The database is an ongoing project. Starting from a base of a dozen companies and intelligence agencies, it will eventually include all the major private sector players in the business of U.S. government spying. Each profile will be regularly updated. Unlike Crocodyl, which registered users can augment, SpiesForHire.org will be edited exclusively by Shorrock and the CorpWatch staff, who will also vet and fact check any volunteer or whistleblower contributions.
Since 9/11 and the invasion of Iraq, the U.S. government’s use of private sector contractors for tasks of war has made headlines: Halliburton’s lucrative Iraqi reconstruction contracts, CACI International’s civilian interrogators at Abu Ghraib, and Blackwater’s (now Xe) shooting of noncombatants in Baghdad—to name a few. Less well known is U.S. contractor involvement in Latin America, for example in executing the U.S. war on drugs in countries like Colombia.
This site will, for the first time, expose the size and scope of the private sector’s influence on U.S. intelligence agencies—and the government’s unsettling efforts to hide the facts.
ABOUT CORPWATCH and CROCODYL (http://community.corpwatch.org)
A global community of non-profit, independent investigative research, journalism and advocacy around issues of multinational corporate accountability and transparency, the CorpWatch community of sites provides tools and resources for critical vigilance and advocacy through a global effort of NGOs, journalists, activists, whistleblowers and academics. Through its family of websites and social media, we seek to expose multinational corporations that that profit from war, fraud, environmental, human rights and other abuses, and to provide critical information to foster a more informed public and an effective democracy.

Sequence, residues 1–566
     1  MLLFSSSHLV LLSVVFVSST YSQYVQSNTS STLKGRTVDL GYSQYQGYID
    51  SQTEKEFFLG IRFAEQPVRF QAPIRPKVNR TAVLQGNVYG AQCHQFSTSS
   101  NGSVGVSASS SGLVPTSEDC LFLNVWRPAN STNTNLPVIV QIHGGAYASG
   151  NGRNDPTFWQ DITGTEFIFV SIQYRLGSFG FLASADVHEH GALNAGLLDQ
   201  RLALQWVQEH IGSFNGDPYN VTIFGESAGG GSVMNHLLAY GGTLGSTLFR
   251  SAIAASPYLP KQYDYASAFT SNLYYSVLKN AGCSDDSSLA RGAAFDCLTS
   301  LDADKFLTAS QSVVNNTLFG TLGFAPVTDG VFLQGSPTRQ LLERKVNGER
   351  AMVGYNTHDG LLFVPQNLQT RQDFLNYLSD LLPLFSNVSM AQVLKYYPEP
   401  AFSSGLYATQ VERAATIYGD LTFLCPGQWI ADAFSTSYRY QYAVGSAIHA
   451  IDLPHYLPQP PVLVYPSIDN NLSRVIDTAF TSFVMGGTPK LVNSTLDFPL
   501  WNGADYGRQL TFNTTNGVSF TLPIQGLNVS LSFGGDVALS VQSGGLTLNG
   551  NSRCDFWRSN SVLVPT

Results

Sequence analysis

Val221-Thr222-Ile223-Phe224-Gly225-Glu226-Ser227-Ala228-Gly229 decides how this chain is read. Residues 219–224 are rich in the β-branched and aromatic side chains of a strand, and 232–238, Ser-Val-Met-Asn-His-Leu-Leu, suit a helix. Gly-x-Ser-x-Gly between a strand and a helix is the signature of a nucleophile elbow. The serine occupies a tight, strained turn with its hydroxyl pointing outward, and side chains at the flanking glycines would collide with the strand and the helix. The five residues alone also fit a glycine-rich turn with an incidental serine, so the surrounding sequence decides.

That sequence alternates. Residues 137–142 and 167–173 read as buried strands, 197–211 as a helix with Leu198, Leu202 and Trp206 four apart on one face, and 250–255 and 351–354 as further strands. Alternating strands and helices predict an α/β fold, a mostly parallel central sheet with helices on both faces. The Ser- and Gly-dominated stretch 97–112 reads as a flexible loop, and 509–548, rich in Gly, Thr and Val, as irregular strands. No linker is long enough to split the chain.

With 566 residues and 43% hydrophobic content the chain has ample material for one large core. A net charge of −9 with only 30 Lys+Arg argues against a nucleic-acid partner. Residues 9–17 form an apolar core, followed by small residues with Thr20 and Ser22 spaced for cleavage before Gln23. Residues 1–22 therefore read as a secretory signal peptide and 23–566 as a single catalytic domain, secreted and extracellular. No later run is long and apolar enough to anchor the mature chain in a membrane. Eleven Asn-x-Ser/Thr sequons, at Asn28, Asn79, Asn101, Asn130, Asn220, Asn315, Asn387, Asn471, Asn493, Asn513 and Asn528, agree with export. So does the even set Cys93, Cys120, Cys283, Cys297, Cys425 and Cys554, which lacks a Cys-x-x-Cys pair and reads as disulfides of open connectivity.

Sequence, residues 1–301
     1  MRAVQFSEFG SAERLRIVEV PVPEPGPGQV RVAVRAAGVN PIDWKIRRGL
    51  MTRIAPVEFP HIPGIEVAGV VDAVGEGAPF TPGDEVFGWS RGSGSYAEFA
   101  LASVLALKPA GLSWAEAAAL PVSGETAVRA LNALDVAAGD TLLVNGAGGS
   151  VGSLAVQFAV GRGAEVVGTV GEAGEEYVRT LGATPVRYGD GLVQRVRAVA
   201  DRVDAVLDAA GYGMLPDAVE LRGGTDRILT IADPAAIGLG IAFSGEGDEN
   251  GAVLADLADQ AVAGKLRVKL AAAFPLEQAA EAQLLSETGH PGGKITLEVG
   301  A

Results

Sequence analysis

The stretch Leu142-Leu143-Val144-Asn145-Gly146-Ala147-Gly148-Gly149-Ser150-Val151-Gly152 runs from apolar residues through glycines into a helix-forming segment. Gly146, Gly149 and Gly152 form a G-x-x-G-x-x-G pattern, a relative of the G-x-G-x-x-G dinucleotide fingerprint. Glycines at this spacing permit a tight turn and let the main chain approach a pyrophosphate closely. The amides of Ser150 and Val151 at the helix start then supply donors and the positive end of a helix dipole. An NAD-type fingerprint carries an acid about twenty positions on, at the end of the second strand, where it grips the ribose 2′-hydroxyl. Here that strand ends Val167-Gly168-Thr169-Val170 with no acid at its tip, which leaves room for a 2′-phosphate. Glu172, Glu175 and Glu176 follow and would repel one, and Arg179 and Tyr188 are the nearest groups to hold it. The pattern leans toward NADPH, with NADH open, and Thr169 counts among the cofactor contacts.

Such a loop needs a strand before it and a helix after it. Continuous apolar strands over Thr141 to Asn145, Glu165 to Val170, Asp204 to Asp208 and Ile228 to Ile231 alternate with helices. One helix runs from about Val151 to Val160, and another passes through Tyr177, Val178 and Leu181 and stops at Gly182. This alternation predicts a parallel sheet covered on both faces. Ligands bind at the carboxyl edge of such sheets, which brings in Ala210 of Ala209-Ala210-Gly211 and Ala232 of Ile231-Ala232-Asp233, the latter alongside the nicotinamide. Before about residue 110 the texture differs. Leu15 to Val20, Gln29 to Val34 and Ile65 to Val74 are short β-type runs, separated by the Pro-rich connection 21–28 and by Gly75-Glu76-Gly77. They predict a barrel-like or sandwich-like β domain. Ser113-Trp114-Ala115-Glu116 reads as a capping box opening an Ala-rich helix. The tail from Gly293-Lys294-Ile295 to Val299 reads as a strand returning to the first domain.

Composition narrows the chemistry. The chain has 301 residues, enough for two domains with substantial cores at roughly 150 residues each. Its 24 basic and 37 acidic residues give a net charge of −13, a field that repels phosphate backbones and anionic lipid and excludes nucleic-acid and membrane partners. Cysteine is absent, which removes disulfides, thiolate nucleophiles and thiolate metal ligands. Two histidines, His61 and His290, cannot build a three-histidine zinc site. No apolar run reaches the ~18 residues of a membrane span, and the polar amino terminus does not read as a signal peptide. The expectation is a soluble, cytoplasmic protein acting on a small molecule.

CorpWatch.org provides non-profit investigative research and journalism to expose corporate malfeasance and to advocate for multinational corporate accountability and transparency.
Crocodyl.org is an evolving compendium of critical research, posted to the public domain as an aid to anyone working to hold corporations increasingly accountable. Crocodyl enables disparate groups and individuals to pool our knowledge about specific corporations in order to reduce the high cost of corporate research.
ABOUT TIM SHORROCK
Tim Shorrock is an investigative journalist who has spent a quarter-century researching the intersection of national security and business. SPIES FOR HIRE, his groundbreaking book on the privatization of U.S. intelligence, was published to great acclaim in 2008 bySimon & Schuster, and released in paperback in May 2009. Shorrock’s work has appeared in many publications in the United States and abroad, including The Nation, Salon, Mother Jones, Harper’s, Inter Press Service, The Los Angeles Times, The San Francisco Chronicle, The Progressive, The Journal of Commerce, Foreign Policy in Focus, and Asia Times. He appears frequently as a commentator on U.S intelligence and foreign policy, and has been interviewed on Pacifica’s “Democracy Now,” Air America, and CBS Radio. Shorrock grew up in Japan and South Korea, and now lives in Washington, D.C., where he researches government contracts for an AFL-CIO union representing federal employees.